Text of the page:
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I wonder how many of us Escort owners have looked under our cars to inspect the brake lines running to the rear axle - for rust? You have to either raise the car a little at the back, or have a miror and a good light, since the lines run beside the fuel tank on the drivers side, and up against the body, where they are hard to see if you arent looking straight up.
Each time a new member asks about things to look for when buying a 1st or 2nd generation Escort, I try to remember to advise them to look at the brakes lines -every inch of them- either before they buy it, or before they take it on the road.
This applies to most any car over 15 years old that lived in a rainy or cold climate; but it seems a little more of a problem on Escorts (the only Fords I have recent experience with).
Last autumn I replaced the brake lines on my 92 Escort; a brake line had begun leaking (while the car sat unused) and the master cylinder had emptied.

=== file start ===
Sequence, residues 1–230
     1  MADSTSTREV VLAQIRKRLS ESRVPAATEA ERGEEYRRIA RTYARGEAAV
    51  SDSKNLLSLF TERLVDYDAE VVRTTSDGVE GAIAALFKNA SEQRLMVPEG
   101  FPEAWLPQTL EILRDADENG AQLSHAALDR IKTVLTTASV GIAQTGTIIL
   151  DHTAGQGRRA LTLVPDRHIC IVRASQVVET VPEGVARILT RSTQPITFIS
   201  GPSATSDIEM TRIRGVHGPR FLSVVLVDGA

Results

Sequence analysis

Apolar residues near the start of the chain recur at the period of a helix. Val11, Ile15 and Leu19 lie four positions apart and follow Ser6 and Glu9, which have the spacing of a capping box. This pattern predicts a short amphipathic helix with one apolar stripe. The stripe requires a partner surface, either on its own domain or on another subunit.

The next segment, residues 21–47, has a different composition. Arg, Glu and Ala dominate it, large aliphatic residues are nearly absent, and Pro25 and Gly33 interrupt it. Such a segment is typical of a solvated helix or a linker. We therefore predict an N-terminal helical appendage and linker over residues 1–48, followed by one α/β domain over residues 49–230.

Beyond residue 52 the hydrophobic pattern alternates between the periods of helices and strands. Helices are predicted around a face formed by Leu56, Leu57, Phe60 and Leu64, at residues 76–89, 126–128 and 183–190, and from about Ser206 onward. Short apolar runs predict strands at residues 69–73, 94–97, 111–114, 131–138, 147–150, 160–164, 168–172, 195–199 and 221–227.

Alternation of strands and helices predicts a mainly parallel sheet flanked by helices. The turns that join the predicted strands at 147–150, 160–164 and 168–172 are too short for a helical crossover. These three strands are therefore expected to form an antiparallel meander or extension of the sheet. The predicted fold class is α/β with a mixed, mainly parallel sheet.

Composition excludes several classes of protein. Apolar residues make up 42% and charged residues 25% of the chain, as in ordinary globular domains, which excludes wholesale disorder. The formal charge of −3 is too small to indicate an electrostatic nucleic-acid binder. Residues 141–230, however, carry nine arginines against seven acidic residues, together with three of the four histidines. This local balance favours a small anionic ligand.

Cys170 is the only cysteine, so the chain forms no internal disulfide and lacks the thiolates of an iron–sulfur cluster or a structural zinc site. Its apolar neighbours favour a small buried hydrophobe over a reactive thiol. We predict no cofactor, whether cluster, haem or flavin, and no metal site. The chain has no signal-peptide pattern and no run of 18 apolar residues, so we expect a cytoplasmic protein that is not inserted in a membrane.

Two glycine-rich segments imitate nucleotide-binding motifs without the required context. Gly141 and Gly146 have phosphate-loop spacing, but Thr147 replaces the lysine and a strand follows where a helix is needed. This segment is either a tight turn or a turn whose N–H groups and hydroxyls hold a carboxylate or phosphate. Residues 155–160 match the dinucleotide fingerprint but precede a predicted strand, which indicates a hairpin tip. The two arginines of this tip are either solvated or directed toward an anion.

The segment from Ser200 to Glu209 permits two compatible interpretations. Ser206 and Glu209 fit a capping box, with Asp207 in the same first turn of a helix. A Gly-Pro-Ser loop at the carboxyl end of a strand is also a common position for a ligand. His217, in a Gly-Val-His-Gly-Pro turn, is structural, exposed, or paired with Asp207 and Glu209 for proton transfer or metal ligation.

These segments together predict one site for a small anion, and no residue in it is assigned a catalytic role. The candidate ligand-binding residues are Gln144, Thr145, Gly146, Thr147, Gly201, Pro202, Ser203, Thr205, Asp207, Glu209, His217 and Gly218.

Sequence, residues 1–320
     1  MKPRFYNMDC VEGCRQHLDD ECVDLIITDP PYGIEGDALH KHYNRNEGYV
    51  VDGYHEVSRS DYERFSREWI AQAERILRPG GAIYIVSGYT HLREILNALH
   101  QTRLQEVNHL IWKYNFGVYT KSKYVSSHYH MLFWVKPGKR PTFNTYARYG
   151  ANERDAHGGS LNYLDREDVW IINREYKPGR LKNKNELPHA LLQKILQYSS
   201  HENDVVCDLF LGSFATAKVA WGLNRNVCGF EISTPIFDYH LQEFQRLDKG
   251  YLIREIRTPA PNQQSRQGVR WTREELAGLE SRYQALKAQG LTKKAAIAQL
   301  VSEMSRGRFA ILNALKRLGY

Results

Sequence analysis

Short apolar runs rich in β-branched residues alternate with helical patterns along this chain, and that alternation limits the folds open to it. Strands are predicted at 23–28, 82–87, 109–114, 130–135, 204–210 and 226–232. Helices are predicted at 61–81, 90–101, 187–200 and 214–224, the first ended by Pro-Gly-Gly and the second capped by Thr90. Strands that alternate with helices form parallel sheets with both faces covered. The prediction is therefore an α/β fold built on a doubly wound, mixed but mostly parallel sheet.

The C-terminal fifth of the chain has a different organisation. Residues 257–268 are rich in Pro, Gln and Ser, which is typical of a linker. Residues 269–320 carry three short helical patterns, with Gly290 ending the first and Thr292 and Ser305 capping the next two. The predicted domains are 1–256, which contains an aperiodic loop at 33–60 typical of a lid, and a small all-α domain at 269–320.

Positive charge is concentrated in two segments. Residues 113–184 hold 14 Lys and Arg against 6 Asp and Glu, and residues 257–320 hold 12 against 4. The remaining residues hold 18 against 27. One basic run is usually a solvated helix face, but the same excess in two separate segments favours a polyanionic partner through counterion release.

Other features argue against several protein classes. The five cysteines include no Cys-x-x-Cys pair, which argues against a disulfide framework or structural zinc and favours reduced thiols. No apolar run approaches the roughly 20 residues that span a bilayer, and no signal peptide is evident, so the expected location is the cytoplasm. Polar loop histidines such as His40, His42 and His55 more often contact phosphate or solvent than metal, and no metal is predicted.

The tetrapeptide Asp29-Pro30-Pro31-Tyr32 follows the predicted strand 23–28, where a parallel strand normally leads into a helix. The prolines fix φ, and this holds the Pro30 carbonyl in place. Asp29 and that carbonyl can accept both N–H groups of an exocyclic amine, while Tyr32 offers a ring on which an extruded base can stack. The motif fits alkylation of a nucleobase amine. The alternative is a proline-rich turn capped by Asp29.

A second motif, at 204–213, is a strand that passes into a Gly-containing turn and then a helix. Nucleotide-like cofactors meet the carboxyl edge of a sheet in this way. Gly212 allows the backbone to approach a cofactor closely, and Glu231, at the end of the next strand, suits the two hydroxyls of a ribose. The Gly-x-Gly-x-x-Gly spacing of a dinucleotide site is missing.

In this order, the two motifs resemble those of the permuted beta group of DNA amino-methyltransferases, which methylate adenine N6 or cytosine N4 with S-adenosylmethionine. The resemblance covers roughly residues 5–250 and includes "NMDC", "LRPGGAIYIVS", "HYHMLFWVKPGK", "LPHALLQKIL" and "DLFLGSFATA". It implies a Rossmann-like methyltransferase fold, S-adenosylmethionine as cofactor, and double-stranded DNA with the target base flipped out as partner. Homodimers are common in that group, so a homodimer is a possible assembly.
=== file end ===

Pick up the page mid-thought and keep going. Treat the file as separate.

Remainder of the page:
I had done brake line replacement years ago on some of my other old cars so I know its not the end of the world; at least not for someone with the time & inclination to do the work themselve. The parts are cheap but the bending/fitting doesnt go fast.
I wonder if there is something better for brake line replacement than Bundy Tubing? I believe they use different tubing in Mexico and the U.K.
From craigslist I just bought my 3rd Escort, a 91 4 dr sedan (Arizona car) with <100k miles, and no visible rust on the undercarriage; but Im going to eyeball every inch of the brake lines anyway, and dismantle the calipers and wheel cylinders for inspection. Its going to get all new brakes hoses, simply because the original ones are almost 20 years old.
After that I will look into why its auto tranny doesnt hold ATF.
 
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